A few weeks ago I met up with some friends I hadn’t seen in a while. As we hugged and greeted and caught up the subject of this little blog came up. A friend asked for more information and another friend replied, ‘she’s getting rid of everything she owns’. I laughed it off.
We’re taking our last load of items for donation today. Last load for a while anyways. When I look around I like what I see and what I see is not a bare home. Lots of DVDs on the shelf still after selling about a third of our collection. A small book collection, mostly Chris’s. Framed wedding photos, a few of me in my athlete days, a couple of us traveling in France and Italy. Two, instead of four, wine crates with about 20 bottles of B.C. wine. A china cabinet, couch, love seat, ottoman, side table. A few lamps. We’re still sitting at a table for dinner. I haven’t gone so far as to say all meals will be eaten on the floor.
For the hardcore I’m not minimalist, I’ve just cleaned house. I’m fine with that. The living with 100 things movement is interesting, shocking and news worthy. The deciding to live a life with a lot less stuff isn’t nearly as sexy or easy to define. But I would argue my version of minimalism, minimalism for the masses, is much more accessible, attainable and has the possibility of changing a lot more of lives.
We’re not all going to sell our possessions and live in South America out of a backpack while earning a small income from e-book sales. That is a great dream but the reality is that most First Worlders won’t do that. They don’t want to.
There is a tight knit group of minimalist bloggers out there living their dream of being office free and living with less stuff. Everett Bogue at Beyond the Stars, Tammy Strobel at Rowdy Kittens, Adam Baker at Man vs Debt, Leo Babauta at Zen Habits, Francine at Miss Minimalist and the list goes on. Good for them. Good for the tens of thousands of people that follow them hoping to break out of their day job and/or become location independent with a minimalist business. It’s inspiring.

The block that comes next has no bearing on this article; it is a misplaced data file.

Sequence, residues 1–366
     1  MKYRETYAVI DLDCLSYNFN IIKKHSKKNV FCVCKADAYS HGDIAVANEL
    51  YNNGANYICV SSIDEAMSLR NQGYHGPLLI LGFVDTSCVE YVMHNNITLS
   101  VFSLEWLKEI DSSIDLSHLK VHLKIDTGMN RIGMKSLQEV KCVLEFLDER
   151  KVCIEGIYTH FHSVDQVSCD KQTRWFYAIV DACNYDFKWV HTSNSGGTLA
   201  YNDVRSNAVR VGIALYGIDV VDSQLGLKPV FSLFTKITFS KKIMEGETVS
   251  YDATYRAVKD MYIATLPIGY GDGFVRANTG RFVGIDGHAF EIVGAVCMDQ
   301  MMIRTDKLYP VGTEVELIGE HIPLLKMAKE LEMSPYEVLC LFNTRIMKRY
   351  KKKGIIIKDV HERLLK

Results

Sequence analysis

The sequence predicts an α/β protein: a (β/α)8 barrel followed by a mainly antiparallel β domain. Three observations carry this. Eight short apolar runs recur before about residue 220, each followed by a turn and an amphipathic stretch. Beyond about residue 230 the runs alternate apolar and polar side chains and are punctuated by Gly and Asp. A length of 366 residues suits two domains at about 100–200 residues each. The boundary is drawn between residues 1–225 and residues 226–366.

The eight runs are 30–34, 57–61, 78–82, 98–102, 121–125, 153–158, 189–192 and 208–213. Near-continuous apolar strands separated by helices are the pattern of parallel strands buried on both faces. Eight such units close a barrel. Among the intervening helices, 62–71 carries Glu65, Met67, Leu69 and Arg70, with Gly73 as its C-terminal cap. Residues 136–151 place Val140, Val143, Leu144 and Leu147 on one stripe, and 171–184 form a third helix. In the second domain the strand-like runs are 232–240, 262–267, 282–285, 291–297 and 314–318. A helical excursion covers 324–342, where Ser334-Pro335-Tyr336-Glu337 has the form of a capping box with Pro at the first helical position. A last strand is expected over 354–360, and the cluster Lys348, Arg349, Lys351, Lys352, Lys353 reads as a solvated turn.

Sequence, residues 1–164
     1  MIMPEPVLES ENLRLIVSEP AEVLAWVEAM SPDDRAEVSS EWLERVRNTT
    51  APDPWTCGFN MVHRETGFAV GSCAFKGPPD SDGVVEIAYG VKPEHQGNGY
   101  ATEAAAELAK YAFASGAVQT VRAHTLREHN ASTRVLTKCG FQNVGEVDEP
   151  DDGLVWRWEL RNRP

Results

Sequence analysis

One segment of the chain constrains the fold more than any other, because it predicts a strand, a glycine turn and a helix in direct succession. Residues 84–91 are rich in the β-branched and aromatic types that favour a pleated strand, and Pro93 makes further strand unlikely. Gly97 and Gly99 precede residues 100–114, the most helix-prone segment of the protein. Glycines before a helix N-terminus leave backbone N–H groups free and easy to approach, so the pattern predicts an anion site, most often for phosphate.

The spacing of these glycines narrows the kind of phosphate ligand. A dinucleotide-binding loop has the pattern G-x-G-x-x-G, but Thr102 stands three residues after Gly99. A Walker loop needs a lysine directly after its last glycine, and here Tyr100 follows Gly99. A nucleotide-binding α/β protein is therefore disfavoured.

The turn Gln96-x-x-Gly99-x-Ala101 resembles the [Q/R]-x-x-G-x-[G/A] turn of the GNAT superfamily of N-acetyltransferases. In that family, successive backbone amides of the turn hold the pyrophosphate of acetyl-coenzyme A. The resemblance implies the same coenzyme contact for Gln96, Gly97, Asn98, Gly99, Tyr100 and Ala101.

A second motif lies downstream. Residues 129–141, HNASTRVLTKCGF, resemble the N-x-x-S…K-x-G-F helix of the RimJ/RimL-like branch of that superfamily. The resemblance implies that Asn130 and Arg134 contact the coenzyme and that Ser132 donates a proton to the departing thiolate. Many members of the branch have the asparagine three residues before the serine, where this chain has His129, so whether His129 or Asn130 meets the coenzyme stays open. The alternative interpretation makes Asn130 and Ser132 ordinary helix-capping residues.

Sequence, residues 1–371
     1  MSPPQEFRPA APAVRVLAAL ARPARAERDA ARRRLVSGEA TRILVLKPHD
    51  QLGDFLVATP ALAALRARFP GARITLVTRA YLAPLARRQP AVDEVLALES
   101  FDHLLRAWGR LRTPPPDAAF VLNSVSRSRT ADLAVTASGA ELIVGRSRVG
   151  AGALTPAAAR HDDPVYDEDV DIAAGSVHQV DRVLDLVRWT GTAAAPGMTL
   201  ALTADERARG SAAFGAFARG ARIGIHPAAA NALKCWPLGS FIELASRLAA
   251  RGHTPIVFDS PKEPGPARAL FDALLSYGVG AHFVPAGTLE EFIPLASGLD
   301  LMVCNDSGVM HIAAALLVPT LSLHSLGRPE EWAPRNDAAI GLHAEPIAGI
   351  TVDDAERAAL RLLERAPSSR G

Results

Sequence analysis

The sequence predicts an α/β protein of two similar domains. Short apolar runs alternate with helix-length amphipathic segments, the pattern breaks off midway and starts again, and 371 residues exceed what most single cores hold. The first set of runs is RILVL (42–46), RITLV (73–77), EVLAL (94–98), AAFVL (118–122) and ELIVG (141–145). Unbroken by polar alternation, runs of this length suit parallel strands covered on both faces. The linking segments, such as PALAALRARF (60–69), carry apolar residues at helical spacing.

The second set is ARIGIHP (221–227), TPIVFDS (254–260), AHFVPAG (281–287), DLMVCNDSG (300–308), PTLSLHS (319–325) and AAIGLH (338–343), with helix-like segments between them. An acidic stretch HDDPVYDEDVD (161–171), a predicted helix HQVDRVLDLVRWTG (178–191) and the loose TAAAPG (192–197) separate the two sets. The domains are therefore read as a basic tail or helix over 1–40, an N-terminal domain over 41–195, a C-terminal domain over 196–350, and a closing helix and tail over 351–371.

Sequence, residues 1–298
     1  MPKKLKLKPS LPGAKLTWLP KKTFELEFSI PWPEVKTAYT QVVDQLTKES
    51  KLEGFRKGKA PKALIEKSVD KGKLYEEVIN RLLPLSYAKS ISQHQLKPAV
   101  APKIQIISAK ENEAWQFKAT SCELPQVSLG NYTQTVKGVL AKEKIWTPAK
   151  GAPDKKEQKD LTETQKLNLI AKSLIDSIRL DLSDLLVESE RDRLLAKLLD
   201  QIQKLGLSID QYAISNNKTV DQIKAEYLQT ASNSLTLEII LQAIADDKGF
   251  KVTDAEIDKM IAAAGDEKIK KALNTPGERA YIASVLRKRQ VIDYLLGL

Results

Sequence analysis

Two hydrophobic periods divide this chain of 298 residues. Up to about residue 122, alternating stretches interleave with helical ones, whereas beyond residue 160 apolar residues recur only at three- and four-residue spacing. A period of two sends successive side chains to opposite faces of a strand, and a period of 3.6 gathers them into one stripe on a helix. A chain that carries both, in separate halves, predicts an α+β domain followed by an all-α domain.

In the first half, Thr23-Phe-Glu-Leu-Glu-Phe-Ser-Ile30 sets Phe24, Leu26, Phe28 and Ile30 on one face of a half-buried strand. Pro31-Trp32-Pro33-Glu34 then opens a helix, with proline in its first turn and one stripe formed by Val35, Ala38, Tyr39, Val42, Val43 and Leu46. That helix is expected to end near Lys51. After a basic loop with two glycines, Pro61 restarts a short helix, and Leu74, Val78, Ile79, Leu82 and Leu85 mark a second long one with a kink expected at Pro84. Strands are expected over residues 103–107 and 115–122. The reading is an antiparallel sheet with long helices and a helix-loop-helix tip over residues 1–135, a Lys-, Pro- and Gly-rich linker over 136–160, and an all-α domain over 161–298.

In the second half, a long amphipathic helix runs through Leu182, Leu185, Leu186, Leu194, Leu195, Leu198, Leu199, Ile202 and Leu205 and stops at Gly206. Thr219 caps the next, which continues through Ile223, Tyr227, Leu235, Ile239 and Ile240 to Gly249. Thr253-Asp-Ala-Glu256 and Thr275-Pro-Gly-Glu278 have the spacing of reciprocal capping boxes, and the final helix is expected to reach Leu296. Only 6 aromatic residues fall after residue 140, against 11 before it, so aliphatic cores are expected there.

But it’s not for the millions.
For the rest of us it needs to be more attainable, accessible and understandable. The leap of logic from two cars, a 2500 sq ft home and loads of stuff to leaving it all behind is a huge one. Too huge for most people.
Instead of encouraging 10,000 people to live with 95% less why not encourage 300 million people to live with 20% less. Don’t tell them to move to San Francisco and hit up the 4 o’clock yoga class while living on $1000 a month from their e-business. Show the masses that with more thought at the register, less shopping as a hobby, more time with family or working on passion projects, fewer rooms to clean and upkeep and collect clutter in a smaller home, they can all live a better life. A more engaged life. A life with less stress, debt, fast food and waste. A better life through small change.